Plaque assay and the pathogenicity in suckling-mice

Confluent BHK-21 cell cultures in 6-well plates were prepared for plaque-forming assay. The serial 10-fold dilutions of viruses were inoculated 200 μl per well. After 1 h of incubation at 37°C in 5% CO2, 2 ml overlay medium containing 0.6% Gum and 1% FBS was added and cultured for 48 h under the same conditions. Subsequently, the BHK-21 cells were washed three times with PBS (pH 7.5), then fixed with cold acetone/methanol for 20 min at -20°C, and stained with 0.2% crystal violet for 30 min at room temperature. Finally, we were able to observe plaque morphology and calculate virus titres by plaque-forming units (PFU) from the infected BHK-21 cell cultures.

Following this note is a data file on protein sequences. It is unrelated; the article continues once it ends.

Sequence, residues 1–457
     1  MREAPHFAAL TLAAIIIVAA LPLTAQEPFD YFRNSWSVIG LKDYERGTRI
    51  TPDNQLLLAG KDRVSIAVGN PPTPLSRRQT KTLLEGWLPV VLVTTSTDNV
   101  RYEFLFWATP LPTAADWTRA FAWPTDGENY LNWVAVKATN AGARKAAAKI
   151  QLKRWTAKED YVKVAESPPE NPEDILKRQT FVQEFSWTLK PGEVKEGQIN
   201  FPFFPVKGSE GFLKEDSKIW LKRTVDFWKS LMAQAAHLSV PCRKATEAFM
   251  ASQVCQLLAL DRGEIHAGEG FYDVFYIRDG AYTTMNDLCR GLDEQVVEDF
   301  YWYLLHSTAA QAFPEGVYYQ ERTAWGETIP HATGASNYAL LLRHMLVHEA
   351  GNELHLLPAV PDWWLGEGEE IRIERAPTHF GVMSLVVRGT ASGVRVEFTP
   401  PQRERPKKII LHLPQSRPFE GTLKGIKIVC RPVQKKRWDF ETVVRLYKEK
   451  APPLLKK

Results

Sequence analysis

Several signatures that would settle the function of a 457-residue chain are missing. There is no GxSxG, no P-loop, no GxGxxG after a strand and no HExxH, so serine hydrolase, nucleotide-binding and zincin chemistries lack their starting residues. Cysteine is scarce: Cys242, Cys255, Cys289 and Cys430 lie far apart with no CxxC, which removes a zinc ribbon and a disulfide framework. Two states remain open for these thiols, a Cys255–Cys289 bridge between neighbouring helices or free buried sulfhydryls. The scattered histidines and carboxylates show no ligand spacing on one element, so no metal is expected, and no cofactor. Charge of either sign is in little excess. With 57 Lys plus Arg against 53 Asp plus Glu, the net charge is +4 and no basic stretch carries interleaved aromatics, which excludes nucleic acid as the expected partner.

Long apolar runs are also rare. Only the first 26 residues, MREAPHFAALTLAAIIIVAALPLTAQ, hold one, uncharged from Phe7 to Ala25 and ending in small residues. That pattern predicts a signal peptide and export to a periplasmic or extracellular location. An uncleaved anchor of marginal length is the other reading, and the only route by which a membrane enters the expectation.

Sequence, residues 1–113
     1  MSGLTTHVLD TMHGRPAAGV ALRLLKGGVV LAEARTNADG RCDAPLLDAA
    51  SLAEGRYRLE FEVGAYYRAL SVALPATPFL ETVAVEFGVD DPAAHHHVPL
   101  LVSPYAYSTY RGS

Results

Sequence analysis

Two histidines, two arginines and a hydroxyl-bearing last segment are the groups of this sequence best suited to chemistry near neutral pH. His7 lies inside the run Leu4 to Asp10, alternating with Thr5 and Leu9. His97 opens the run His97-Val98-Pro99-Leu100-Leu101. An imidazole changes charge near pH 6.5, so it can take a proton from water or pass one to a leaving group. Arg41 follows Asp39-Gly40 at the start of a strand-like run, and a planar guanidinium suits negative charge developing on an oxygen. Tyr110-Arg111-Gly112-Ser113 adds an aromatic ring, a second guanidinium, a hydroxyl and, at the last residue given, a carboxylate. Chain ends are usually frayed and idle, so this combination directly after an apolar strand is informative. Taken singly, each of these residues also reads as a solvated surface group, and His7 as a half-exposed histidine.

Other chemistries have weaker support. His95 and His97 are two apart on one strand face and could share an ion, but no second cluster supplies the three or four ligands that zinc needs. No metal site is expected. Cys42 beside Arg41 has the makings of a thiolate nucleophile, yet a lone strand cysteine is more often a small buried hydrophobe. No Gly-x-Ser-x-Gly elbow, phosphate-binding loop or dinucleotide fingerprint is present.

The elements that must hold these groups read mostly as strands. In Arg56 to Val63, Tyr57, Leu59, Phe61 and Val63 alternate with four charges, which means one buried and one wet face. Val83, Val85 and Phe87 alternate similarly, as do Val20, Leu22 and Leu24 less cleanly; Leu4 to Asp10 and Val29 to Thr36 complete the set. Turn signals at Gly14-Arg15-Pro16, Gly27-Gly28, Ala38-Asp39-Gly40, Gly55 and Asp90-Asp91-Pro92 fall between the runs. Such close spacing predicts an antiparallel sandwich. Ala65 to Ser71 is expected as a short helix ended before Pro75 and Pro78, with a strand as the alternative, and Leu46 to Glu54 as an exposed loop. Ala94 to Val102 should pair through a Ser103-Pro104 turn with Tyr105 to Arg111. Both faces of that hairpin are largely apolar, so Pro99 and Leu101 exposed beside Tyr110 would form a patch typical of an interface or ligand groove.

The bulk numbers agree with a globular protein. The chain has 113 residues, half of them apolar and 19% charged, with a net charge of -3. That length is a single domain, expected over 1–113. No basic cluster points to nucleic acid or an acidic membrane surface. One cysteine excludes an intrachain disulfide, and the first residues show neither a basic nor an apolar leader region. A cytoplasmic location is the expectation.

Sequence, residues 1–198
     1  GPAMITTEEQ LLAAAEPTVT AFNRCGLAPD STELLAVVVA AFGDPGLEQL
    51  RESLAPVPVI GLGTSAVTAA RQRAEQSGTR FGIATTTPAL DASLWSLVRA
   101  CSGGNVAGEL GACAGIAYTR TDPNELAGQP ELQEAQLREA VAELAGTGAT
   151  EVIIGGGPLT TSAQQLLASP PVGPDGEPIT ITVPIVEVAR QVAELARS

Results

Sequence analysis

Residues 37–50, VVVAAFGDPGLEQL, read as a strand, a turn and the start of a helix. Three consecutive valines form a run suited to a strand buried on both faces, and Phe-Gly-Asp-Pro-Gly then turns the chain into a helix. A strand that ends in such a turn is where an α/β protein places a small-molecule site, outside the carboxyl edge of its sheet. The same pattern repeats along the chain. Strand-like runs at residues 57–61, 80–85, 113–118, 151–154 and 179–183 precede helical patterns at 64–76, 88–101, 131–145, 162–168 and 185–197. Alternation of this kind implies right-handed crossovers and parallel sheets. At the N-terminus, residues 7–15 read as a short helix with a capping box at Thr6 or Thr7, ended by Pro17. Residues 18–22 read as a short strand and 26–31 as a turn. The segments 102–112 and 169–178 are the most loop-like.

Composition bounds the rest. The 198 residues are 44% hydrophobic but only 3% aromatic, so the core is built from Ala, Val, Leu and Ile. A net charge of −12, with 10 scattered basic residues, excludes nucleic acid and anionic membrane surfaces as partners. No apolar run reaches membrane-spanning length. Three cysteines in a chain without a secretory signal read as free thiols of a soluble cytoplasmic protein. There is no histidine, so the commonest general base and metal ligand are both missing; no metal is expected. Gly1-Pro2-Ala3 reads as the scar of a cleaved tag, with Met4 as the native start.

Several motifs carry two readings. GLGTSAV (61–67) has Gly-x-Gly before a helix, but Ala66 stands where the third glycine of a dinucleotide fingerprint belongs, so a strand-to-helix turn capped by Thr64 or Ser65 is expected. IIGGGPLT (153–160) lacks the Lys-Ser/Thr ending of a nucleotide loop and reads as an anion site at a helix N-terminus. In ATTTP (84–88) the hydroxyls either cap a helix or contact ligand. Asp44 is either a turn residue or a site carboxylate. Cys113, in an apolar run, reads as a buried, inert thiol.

Serial ten-fold diluted viruses were prepared in DMEM containing 2% FBS, and the pathogenicities were titrated by intraperitoneal inoculation of 3-day-old suckling-mice in groups of five animals each with 0.2 ml of virus dilutions. The suckling mice were observed for 72 h after infection and the 50% lethal dose (LD50) was determined by the method of Reed and Muench (1938) [47].

Sequencing and genetic characterization